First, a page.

Bank of the Ozarks has never posted a loss since becoming a public company in 1997, and for all but three of those 18 years has reported record earnings. Gleason strives to grow organically by 25 percent annually—an aggressive goal—and also expects the bank to rank within the top 10 percent for net interest margin (NIM), efficiency and asset quality. Ozarks performed better than the industry average in all three categories at the close of 2014.

Gleason believes in setting a high bar. “One of our goals is to be the top bank in the country every year,” says Gleason. “A tradition of excellence tends to result in excellence.”

“George has always been a super smart and aggressive guy, and he has taken that bank, which at that time, when I met him, was just a tiny little bank, and grown it into what it is today,” says long-time Ozarks board member Bob East. East owns a construction company, which he started around the time Gleason took over Ozarks, at about the same age. Early in their careers, East partnered with Gleason on several construction projects in downtown Little Rock, and built a few of Ozarks’ branches before joining the board in the mid-1990s, when the bank went public.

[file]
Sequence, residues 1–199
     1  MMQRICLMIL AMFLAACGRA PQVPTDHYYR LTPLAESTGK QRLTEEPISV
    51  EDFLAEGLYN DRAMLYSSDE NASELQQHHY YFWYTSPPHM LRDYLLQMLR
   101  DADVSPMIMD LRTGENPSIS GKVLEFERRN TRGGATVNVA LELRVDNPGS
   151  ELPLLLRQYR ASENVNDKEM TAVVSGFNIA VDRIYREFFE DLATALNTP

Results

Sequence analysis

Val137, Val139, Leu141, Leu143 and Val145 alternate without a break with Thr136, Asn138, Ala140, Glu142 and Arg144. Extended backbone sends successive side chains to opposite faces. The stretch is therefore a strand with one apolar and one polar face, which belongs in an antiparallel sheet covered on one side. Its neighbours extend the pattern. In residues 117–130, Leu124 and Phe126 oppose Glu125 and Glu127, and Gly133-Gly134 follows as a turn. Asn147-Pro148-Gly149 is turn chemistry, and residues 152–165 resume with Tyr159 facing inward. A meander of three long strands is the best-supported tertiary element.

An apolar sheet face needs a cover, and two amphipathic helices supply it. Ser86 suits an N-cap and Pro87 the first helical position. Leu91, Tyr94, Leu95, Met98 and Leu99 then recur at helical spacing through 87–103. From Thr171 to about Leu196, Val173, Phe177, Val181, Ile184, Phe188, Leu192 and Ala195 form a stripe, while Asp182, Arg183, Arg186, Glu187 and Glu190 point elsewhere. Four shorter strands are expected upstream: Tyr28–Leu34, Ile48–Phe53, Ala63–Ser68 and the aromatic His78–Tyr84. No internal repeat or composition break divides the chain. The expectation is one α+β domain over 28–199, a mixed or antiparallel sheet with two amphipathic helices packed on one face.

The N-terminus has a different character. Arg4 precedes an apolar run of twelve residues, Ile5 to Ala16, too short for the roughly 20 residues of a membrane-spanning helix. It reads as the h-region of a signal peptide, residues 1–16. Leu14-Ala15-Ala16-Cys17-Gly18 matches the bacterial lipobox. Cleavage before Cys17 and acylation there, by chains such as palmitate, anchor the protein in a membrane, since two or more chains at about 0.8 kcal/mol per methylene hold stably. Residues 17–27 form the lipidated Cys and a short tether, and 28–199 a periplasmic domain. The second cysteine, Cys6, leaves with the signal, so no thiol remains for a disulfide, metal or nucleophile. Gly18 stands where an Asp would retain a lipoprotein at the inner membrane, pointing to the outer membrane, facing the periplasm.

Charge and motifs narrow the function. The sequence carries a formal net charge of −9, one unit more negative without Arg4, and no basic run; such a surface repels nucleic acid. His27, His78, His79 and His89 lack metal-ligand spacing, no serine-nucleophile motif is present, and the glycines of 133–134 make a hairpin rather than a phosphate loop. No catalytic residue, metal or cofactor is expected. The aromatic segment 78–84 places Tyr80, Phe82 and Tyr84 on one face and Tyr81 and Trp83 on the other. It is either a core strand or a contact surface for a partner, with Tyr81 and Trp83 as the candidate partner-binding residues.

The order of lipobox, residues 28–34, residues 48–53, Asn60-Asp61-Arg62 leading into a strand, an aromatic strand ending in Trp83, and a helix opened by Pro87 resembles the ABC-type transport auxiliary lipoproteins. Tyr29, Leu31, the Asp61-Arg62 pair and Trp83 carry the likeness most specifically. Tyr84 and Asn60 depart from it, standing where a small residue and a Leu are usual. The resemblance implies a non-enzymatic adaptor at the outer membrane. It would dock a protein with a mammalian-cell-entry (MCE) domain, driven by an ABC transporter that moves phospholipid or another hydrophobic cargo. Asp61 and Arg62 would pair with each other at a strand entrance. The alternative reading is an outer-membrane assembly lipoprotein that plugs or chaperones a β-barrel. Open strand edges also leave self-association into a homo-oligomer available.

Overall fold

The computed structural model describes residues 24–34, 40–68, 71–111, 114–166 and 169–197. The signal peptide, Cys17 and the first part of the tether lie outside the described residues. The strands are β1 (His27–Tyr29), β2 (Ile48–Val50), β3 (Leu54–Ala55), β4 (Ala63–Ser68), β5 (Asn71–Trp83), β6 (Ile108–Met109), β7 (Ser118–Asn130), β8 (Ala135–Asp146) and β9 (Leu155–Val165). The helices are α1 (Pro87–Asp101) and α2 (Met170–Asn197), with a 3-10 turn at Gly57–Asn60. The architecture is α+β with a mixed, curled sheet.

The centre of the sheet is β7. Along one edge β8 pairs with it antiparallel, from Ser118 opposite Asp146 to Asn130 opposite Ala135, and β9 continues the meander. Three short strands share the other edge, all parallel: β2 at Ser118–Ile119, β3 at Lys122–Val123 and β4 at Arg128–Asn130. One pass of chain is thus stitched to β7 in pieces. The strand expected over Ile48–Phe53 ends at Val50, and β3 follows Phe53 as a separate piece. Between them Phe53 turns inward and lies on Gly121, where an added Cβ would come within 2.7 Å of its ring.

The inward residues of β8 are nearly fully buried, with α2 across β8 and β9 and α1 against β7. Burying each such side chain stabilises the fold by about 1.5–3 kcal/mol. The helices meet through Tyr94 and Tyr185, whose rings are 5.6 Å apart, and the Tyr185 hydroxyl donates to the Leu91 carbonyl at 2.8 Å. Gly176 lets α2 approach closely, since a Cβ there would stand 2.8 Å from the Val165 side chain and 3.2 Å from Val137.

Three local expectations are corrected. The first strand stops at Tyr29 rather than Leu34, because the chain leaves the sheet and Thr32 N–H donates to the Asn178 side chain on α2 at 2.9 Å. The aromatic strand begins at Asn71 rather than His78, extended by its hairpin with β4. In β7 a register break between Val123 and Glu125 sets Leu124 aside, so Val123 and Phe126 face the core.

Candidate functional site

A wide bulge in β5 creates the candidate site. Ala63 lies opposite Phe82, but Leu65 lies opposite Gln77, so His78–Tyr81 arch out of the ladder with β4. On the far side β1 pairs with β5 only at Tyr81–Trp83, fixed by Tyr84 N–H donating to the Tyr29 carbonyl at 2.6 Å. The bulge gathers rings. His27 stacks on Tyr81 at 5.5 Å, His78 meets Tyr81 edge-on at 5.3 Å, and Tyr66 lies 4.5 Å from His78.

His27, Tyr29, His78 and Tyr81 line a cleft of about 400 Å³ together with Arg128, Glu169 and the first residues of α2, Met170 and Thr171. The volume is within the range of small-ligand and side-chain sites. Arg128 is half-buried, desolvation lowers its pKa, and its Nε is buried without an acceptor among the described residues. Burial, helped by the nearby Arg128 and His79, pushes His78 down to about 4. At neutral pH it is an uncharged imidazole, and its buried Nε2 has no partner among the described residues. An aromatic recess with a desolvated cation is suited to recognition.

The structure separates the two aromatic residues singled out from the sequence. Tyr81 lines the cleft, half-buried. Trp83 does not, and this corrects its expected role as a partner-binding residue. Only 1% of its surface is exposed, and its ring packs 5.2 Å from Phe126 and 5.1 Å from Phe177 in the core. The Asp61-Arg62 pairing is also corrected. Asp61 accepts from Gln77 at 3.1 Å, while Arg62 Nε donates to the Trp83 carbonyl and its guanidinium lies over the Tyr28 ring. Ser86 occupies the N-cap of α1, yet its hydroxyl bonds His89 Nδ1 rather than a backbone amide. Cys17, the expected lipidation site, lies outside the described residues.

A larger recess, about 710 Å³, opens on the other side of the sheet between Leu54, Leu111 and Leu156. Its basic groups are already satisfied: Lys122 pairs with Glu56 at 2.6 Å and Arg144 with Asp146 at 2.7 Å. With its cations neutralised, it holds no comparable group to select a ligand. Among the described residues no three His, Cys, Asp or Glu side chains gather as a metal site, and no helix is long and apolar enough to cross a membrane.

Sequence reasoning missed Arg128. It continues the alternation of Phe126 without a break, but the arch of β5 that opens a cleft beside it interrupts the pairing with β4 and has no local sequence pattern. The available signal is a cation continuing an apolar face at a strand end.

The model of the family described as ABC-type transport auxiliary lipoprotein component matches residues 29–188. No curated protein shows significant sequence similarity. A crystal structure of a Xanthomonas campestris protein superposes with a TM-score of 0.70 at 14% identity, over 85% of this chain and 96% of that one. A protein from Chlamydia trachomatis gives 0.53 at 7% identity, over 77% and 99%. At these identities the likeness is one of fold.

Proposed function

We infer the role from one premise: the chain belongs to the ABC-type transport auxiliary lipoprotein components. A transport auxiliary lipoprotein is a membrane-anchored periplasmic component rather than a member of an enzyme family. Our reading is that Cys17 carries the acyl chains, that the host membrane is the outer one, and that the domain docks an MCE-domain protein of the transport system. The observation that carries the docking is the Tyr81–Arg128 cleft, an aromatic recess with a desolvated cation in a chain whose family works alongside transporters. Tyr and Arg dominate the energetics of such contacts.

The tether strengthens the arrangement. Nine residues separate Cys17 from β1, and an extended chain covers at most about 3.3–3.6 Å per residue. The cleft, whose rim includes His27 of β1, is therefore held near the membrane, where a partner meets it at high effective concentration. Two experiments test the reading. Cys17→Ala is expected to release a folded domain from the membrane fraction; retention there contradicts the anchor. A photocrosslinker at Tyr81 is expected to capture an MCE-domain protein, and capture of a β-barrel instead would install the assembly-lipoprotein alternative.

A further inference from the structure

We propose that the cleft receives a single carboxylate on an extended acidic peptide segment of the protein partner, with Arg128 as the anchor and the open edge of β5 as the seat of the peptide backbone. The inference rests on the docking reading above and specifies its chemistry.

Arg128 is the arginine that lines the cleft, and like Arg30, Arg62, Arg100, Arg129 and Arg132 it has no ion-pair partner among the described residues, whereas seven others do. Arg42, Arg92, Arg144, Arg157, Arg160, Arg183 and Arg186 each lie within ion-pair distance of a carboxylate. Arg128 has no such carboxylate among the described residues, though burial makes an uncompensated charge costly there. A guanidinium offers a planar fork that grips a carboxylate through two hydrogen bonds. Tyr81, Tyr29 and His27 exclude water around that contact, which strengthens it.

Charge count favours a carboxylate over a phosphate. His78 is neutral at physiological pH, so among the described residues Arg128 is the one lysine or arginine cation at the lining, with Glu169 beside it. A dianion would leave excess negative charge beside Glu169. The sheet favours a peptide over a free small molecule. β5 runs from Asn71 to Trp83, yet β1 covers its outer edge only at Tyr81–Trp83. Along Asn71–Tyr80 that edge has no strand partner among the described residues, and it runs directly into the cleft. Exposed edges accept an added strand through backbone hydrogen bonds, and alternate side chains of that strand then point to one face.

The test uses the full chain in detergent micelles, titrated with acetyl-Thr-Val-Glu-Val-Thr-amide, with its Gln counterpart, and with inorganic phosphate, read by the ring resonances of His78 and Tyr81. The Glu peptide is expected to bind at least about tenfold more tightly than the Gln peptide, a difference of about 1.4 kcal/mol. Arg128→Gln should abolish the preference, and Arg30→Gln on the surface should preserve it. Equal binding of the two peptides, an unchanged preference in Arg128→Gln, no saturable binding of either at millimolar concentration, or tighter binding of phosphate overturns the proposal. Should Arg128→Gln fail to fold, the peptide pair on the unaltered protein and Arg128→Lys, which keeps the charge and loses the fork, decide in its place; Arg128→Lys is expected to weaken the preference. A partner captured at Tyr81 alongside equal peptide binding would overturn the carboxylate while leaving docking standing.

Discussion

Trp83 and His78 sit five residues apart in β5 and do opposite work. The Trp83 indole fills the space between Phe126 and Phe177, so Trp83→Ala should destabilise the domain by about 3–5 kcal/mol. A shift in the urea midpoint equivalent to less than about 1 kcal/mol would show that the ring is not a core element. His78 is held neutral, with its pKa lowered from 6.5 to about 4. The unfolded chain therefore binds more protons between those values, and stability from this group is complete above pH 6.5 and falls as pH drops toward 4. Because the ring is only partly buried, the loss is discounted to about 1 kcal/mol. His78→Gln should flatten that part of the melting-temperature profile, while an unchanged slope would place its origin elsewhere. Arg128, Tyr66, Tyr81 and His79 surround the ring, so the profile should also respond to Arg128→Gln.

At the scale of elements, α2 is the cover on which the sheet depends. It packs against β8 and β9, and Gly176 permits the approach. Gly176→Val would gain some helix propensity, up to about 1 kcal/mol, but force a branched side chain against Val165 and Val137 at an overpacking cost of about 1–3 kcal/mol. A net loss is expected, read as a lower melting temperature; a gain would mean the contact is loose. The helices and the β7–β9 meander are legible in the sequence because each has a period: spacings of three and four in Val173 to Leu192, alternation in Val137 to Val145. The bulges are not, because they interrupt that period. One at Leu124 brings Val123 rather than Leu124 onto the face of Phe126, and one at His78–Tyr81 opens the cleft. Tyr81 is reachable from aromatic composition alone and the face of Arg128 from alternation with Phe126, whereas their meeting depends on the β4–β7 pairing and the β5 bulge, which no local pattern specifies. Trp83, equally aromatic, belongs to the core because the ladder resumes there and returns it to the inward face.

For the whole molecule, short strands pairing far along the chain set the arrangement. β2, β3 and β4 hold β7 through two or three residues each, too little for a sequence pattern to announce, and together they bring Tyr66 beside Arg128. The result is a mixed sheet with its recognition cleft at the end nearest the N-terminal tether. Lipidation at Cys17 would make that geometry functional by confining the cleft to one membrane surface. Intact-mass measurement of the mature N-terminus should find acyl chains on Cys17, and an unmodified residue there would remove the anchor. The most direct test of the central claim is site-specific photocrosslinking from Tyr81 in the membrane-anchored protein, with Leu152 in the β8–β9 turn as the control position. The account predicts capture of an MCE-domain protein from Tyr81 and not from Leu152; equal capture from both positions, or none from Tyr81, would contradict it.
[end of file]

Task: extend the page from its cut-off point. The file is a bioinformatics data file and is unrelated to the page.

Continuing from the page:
Bank of the Ozarks topped this year’s Scorecard in large part due to a high level of profitability, ending 2014 with a 2.13 return on average assets (ROAA) and 15.97 return on average equity (ROAE). The bank balances this profitability with a lot of capital—12 percent tangible common equity to tangible assets. “We’re achieving significant organic growth as well as growth through acquisitions,” says Gleason. “So that capital cushion that we have affords us the ability and the latitude to achieve the significant growth rates we’re trying to achieve.” Ozarks’ ROAA has exceeded 2 percent since 2010, much higher than the industry average. “That strong earnings performance has allowed us to generate a very good return on equity, even with our high capital ratios,” says Gleason.